22 September 2021 01:15 AM

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HARSHITA CHHATLANI & TANYA RANJAN | 3 JUNE, 2018

How ‘13 Reasons Why’ Glorifies And Trivialises Suicide

The second season of the show was recently released by Netflix


A few weeks ago, Netflix released the second season of the popular teenage high school drama, 13 Reasons Why. The show got mixed reviews after the first season was released last year. Backed by international singer, Selena Gomez, it claimed to address issues of mental health in teenage students.

Recently, the premiere party for the second season was cancelled in the wake of the Santa Fe school shooting, with concern being raised that it might be insensitive. When the release date of the first season of the show was announced, it sounded like a good initiative- talking about mental health at a time when -- despite the prevalence of depression and other mental illnesses -- the issue wasn’t adequately talked about. The show follows the story of Hannah Baker, who leaves 13 tapes distributed to several of her classmates, explaining the reasons that led to her ending her life.

“What I think is that they give a wrong idea about depression or suicidal ideation because if you go to see, I don’t think she had any symptoms of depressions apart from being suicidal. There’s also the whole thing where it’s like everyone around a person with issues is to be blamed. Yes, what you do does have an impact but they also show unhealthy ways to deal with it. If you’re going to act like your show is a big step for mental health, you have to show what the alternative can be. What they’re doing is just triggering people and leaving it at that”, says Aiswarya Menon, a student pursuing Master’s in Psychology from Nowrosji Wadia College, Pune.

“When you hear so much about a show related to something we go through or see on a frequent basis, you have certain expectations which I personally feel the show didn’t do justice to. From the first episode itself, I was looking for some way where they are talking and showing how the person is dealing with it. After a point, it just felt too commercialized to be honest”, added Priyanka Patel, a student from Bangalore.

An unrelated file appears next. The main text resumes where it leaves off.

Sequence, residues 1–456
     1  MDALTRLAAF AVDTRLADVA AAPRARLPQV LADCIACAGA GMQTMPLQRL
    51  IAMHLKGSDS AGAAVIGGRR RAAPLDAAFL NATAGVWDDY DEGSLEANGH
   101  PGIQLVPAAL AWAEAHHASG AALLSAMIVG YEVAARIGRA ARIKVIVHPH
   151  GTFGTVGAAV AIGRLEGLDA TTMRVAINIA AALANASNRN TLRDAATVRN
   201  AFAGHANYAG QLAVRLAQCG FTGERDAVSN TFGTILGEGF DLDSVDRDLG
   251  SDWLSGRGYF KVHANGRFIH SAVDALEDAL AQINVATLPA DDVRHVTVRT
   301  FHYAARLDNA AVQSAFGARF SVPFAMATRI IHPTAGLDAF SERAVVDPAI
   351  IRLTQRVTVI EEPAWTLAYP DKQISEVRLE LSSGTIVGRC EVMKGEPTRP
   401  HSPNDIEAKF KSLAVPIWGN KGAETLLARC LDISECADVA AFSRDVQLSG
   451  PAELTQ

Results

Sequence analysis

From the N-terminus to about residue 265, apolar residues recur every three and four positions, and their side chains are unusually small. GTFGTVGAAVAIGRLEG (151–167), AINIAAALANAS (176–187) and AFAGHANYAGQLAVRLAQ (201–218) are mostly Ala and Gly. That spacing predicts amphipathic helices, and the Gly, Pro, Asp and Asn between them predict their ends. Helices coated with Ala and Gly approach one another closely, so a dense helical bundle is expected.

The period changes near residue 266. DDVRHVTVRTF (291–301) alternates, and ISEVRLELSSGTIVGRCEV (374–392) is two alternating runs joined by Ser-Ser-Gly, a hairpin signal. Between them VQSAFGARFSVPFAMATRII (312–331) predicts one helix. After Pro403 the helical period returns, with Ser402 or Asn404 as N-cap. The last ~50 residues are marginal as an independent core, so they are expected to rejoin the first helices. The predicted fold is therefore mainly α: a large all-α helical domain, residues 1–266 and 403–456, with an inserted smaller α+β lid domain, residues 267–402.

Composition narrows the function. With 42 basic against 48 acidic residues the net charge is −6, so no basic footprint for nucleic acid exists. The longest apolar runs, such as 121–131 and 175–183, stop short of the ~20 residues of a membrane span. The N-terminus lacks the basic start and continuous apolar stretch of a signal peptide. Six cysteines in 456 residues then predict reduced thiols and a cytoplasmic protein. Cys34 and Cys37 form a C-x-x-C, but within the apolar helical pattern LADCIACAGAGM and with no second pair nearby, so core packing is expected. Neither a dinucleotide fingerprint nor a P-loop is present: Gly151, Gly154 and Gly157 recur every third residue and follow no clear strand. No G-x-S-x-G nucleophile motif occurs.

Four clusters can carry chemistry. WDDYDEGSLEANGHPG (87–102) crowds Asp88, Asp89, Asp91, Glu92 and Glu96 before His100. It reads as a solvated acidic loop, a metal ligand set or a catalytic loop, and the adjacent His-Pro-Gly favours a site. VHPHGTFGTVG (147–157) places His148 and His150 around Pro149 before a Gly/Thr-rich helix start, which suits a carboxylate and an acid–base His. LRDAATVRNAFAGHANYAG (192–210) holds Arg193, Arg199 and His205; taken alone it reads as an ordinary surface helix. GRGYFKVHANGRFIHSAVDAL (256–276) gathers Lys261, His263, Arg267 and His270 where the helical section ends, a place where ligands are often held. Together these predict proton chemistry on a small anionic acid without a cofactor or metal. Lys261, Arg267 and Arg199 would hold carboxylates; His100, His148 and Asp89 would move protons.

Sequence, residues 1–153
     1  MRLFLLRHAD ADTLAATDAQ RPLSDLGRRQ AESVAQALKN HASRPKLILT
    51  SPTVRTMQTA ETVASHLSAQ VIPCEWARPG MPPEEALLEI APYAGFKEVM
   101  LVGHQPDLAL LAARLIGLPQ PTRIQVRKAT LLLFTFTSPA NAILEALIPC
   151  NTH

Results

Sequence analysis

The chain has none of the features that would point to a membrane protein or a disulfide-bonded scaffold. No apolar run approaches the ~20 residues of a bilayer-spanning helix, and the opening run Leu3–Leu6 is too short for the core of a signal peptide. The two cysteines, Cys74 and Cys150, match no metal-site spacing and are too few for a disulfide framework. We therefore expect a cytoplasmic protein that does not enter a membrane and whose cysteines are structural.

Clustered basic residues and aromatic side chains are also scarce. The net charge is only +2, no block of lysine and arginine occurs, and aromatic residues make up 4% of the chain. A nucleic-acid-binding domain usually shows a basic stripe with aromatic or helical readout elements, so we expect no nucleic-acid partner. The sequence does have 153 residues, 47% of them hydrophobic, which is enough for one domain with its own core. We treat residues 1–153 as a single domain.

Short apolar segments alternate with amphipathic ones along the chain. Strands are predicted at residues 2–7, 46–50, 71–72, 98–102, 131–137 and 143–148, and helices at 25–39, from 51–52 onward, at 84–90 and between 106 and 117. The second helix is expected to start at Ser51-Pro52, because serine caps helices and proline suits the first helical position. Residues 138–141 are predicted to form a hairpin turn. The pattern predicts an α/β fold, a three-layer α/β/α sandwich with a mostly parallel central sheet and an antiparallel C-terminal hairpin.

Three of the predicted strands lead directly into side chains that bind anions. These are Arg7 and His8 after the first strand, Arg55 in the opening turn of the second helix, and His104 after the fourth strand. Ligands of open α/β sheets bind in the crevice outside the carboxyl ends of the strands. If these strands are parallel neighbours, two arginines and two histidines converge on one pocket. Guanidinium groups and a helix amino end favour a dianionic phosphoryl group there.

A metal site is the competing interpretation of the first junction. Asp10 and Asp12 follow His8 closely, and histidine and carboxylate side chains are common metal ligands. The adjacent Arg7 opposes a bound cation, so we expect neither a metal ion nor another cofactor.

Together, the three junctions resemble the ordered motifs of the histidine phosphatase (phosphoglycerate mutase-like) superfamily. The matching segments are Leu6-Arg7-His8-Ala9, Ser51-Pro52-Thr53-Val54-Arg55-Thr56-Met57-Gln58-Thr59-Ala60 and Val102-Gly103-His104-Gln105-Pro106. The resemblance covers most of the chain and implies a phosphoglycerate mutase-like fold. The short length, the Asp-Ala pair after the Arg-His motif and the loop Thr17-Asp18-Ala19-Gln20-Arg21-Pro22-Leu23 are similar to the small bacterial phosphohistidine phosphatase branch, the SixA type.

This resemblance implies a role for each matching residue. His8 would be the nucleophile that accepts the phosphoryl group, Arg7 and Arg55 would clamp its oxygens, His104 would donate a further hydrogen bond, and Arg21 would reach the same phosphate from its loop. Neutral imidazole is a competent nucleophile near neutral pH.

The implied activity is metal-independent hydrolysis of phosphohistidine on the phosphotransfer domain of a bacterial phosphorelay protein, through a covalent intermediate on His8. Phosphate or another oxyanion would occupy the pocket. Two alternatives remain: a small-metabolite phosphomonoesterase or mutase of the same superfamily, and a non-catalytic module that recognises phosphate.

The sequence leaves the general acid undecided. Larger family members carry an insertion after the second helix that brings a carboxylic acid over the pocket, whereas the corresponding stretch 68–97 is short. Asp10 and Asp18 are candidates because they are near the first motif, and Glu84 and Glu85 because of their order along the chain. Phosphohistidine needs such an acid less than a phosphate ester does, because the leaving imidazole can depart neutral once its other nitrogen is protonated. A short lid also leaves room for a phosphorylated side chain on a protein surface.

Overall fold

Although Selena Gomez came out to back the show saying that she wanted to adapt the show to help people, “because suicide should never be an option”, it still did not sit well with most of the viewers as well as mental health professionals. “I just started watching the first season and I am halfway through it. I haven’t personally suffered from a mental illness but I must say that the show, with its intense portrayal of certain things, can be very triggering for someone who has faced similar issues. I also feel that the show may go on to incite feelings of suicidal tendencies”, stated Seraj Ali, a student from New Delhi.

Adding fuel to the fire were the memes that came up with the “welcome to your tape” references, citing to the tapes that the main character left before ending her life.

“The memes definitely trivialize the issue. They make it seem like mental illness is some sort of a joke”, says Gauri Ratnam, a Master’s student from Pune.

“I feel like the memes totally miss the point the show tried to make even if it made any. Even without the memes, as a person who is suffering from mental illness, I felt the show totally portrayed it in a manner which is more triggering than helping spread awareness. You don’t always need trauma to experience mental illness. The show focuses on a very one-dimensional aspect of mental illness. It’s not always about wanting to kill oneself. I feel suicide and the rape has been used for shock value and entertainment purposes rather than actually address such issues. It’s obvious that they can’t cover all of it. But I feel that they have addressed none of it. The trigger warnings have only been added after the backlash received by people, so most of the damage has already been done. I didn’t even want to continue with the second season.”, stated Meghna Bakshi, a third year student from Bangalore.